We are getting asked more about cohabitation agreements by couples who are moving in together - Family Law Partners

We are getting asked more about cohabitation agreements by couples who are moving in together

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Why do you need to have something in Writing?

Despite the relentless and dangerous myth of “common law marriage”, cohabitation has no real status in English law. The harsh reality is that if you break up with your partner you will have almost no automatic financial or property rights beyond child support, even if you have been together for years.

Last year we were informed that the number of couples choosing to live together has doubled over the last 16 years and that couples living together are just as likely to have children than those couples who choose to get married. There are currently over three million cohabiting couples in England and Wales and three quarters of those have children.

So what happens if you split up?

  1. Your ex doesn’t have to pay you any maintenance (other than child support) even if, for example, you have given up work to look after the children.
  2. If you rent your home and the tenancy is in your partner’s sole name you will not have an automatic right to stay there.
  3. If your partner owns your home in his/her sole name you do not have an automatic right to stay there.
  4. You have no automatic right to insist that your partner contributes towards the mortgage or rent if it is in your sole name.
  5. You will have no claim on your partner’s savings or pensions.
  6. You will only automatically be able to keep your own possessions.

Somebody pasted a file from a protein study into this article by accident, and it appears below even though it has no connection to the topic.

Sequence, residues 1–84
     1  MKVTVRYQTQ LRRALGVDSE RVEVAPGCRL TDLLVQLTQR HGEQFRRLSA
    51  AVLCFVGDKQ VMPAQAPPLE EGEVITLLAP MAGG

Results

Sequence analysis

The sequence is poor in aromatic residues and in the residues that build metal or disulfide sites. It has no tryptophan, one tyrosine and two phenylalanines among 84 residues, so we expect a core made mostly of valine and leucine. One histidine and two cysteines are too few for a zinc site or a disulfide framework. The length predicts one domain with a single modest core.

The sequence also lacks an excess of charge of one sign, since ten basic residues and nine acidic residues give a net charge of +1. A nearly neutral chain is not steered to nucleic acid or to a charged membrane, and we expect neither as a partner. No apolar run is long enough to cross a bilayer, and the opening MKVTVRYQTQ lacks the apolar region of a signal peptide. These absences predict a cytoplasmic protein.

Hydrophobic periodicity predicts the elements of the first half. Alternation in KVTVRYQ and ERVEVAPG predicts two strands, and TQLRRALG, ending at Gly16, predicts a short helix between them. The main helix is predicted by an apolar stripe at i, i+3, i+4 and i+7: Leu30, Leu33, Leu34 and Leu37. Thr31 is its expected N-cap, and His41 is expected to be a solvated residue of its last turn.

7. Depending on various factors if you are the father of your children you may not have automatic Parental Responsibility for them.
  8. You will need to decide who the children will live with and when and how they will see the other parent.
  9. You will need to think about who will pay child support and how much.

As you can see from the above the law treats couples who live together as two unrelated individuals – regardless of the length of the relationship.

There are legal provisions available to cohabitants but they exist within a patchy legal framework and are often confusing, illogical and unfair.

This issue, and what is effectively a lack of rights for cohabitants, has been reviewed by the Law Commission who put forward a set of recommendations going forward – but these were rejected by the government. The subject appears to have been put on the back burner for now. Any change in the law is therefore some way off despite there being constant calls for things to change by MPs and organisations such as Resolution who are committed to alternative methods of resolving relationship disputes.

What can you do in the meantime?

Couples living together should look to protect their positions by entering into a Cohabitation Agreement (also known as a Living Together Agreement). Although there is no guarantee that such an agreement will be legally binding it will have considerable evidential weight should it ever be referred to should the relationship breakdown.

Cohabitation Agreements can include details about property, mortgage payments, outgoings, debt liability and much more. They are an excellent way of agreeing the day-to-day financial aspects of your relationship and can protect you both from whatever might happen to your relationship in the future.

If you’re buying a property together it is vital that you decide how you are going to own the property, who pays what etc and make it clear in the documents that are drawn up beforehand. You can record these agreements in a document often refererd to as a Deed or Declaration of Trust.

If it’s too late to enter into a Cohabitation Agreement and you have already separated then it is important that you take early legal advice from a Resolution Family Lawyer.

Options such as Mediation and Collaborative Law can assist greatly in discussing the issues and reaching an agreement. If you cannot agree or reach an outcome then rather than going to court (which can be extremely costly and slow) Arbitration may provide a sensible resolution alternative as it involves a third party reviewing the case and imposing a decision.


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